He was going to rattle at the great iron knocker on the oak gate; but Esmond stopped his kinsman's hand.
But it also serves to bring us finally to the vocabulary of Esmond.
Esmond saw it reflected in the glass by which she stood, with clenched hands, pressing her swelling heart.
Instead of listening to Esmond she had to interview a strange man.
We have got to make a stand and maintain it until Esmond finds he has to humour us.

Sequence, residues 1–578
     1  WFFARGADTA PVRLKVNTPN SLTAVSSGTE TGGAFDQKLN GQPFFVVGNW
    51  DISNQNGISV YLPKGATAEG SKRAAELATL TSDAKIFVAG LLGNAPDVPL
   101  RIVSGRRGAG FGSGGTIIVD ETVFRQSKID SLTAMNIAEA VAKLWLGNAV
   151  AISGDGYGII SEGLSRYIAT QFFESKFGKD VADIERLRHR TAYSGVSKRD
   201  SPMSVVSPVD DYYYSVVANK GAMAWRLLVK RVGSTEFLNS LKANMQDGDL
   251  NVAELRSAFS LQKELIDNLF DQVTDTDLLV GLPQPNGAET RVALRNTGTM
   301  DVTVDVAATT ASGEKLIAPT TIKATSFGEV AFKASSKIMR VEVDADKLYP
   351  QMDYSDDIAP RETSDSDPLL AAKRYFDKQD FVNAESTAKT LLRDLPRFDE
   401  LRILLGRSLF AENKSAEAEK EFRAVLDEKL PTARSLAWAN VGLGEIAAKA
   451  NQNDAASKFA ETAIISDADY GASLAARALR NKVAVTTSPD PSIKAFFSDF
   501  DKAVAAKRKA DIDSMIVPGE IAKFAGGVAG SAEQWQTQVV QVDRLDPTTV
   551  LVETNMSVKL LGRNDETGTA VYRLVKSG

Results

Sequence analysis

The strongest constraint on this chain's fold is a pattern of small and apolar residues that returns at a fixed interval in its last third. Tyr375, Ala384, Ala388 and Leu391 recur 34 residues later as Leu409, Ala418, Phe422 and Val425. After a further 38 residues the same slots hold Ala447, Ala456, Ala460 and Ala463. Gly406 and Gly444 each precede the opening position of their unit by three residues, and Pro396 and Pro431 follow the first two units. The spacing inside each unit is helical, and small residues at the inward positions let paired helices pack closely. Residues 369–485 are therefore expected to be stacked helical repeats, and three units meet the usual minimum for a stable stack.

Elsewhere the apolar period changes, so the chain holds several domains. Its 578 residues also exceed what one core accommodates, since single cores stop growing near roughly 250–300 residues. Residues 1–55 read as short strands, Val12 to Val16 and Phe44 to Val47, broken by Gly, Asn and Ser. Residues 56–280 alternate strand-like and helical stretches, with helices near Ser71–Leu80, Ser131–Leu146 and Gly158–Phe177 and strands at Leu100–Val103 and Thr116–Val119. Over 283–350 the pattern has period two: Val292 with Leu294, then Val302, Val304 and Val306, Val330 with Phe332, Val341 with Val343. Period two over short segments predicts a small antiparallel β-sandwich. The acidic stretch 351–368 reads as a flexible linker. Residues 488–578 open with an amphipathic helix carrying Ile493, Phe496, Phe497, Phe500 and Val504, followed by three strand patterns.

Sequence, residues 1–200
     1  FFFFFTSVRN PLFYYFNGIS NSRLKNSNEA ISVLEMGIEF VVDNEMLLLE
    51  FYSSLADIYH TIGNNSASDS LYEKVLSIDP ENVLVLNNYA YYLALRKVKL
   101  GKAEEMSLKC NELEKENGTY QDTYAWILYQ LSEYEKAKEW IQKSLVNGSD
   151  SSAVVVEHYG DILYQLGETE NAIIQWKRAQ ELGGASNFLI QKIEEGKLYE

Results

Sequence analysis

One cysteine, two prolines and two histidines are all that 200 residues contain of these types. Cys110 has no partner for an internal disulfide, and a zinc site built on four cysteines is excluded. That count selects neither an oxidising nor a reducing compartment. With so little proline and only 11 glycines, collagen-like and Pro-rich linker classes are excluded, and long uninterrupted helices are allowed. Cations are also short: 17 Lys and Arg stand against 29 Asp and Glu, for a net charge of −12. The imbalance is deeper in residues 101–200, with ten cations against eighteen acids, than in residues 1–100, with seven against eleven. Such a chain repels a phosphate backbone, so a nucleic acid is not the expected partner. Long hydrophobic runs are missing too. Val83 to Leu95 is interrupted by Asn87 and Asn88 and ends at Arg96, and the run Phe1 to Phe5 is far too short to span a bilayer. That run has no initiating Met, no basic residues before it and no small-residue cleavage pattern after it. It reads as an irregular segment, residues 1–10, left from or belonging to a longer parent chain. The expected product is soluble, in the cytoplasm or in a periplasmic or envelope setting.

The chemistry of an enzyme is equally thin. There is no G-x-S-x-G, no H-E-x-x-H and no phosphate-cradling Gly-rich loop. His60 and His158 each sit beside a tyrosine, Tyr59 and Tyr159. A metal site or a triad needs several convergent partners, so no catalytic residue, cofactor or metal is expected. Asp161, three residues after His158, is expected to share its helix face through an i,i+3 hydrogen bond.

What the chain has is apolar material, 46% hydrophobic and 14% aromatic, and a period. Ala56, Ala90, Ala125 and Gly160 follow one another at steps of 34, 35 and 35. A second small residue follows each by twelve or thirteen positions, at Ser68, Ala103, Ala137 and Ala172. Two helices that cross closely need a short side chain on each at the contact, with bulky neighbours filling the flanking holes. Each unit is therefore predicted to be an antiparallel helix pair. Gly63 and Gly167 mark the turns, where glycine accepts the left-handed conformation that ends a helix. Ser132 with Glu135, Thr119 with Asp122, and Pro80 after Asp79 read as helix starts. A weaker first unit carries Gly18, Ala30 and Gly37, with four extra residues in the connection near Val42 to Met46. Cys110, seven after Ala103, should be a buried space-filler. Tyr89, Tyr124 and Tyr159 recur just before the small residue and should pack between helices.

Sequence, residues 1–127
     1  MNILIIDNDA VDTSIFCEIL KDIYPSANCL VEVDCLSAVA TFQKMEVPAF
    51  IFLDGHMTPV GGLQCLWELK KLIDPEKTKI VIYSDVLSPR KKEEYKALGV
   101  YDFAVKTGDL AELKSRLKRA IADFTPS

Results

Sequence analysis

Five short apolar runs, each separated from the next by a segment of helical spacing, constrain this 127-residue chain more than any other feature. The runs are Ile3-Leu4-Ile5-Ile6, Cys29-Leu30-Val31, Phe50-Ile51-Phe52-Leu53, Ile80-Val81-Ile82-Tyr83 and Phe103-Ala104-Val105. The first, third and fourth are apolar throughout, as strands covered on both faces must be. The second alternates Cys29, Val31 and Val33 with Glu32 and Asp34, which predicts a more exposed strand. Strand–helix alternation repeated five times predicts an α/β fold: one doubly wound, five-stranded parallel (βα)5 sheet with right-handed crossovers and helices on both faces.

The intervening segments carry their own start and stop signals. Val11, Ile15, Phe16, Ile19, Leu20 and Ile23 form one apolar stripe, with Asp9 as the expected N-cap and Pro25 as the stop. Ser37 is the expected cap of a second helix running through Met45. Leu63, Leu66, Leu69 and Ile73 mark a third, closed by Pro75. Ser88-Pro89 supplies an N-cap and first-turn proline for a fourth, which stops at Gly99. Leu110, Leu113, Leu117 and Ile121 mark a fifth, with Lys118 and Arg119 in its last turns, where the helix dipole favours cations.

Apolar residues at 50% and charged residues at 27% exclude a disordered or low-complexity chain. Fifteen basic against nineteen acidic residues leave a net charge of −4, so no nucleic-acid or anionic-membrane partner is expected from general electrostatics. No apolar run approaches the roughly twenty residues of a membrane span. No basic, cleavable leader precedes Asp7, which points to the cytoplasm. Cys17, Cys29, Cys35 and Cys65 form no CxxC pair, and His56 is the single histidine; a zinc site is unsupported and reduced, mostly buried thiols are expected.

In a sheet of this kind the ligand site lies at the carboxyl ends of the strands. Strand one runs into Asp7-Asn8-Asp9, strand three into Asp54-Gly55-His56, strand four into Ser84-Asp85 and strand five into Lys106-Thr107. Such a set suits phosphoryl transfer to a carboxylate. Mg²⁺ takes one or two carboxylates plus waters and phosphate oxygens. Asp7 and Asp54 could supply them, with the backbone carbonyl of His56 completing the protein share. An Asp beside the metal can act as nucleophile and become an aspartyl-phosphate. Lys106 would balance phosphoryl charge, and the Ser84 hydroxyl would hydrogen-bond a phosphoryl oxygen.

Look, for example, at Esmond, the typical novel of its period.
"I am but a contributor, Doctor Swift," says Esmond, with the little boy still on his knee.
Esmond went away only too glad to be the bearer of such good news.
Esmond knew the Prince to be worthless, and he had just been insulting him in every way he could think.
"Indeed, I loved and honored her before all the world," Esmond answered.